After this first step, when we can to some degree ‘think like Mitchell’ and ‘think like Kernberg’, the next step is to try on both perspectives with clinical material—whether that is process material, discussing an interaction or dynamic with a particular patient, a conceptualization of a patient, or whatever you all choose to bring to the classes.  I will also bring some clinical vignettes.  Theory is only interesting if we can attach it to actual interactions with people.

In addition to knowing what Mitchell says, and what Kernberg says, each paper is, I believe, a lot more interesting when considered in light of the other paper – as a dialog between two extremely thoughtful people.  When reading each writer more closely, I think it is worth questioning whether they are sometimes not as much disagreeing as talking past one another, using language in a similar but not precisely the same way – enough so that it can obscure meaning.  Different theories, or different personalities?  Do theories guide us, or provide a rationale for what we do?  Mitchell wrote in 1993, when he was in his 40s, ten years after he published his groundbreaking book with Greenberg.  It was pre-9/11 and pre-Trump.  Kernberg wrote his article in 2009 when he was 81 – post 9/11 (pre-Trump, obviously).  Kernberg fled Vienna and the Nazis at the age of 10 with his family, emigrated to Chile, and then immigrated to the US at the age of 30.  How much might a person’s biography influence their theoretical proclivities?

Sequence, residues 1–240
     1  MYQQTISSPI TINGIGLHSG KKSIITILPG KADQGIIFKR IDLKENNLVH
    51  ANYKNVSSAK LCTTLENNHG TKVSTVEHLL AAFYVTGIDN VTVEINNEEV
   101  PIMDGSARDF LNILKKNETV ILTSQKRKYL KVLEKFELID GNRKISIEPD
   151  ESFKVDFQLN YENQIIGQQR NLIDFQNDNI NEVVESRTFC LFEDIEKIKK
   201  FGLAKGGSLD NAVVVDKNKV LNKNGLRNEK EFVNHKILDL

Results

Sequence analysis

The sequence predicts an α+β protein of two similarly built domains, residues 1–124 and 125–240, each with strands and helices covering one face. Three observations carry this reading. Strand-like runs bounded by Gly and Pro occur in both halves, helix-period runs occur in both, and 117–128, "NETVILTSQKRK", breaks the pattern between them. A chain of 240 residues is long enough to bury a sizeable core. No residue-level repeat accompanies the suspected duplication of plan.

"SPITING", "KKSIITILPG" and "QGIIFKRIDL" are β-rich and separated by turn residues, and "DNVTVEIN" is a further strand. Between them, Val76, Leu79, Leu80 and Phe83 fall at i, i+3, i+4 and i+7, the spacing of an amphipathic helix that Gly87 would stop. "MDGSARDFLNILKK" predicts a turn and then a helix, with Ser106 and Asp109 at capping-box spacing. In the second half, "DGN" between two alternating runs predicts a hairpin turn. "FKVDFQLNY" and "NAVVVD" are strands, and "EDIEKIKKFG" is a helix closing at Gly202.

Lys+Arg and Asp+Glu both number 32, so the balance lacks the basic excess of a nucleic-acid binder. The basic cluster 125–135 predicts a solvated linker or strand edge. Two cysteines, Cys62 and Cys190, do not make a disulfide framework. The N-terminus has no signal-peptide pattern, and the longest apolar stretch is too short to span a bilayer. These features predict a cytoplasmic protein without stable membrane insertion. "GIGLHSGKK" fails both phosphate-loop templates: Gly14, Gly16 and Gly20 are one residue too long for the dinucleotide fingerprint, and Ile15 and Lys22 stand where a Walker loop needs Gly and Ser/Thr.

The Third Class

I have left our last meeting unscheduled with the hope that we can plan it together after we’ve met and begun our exploration of the topic of aggression.  These first two classes are the start of a framework for exploring aggression, but I haven’t met with you all as a group since your first year in training.  You’ve obviously had many years of didactics and experiences since then.  I’ve relied on what I think will be interesting and useful to you, and on what I personally have found compelling in my reading to prepare for these classes.  I want to leave some room for the final class so that we can be responsive to what thoughts and questions arise in the first two meetings.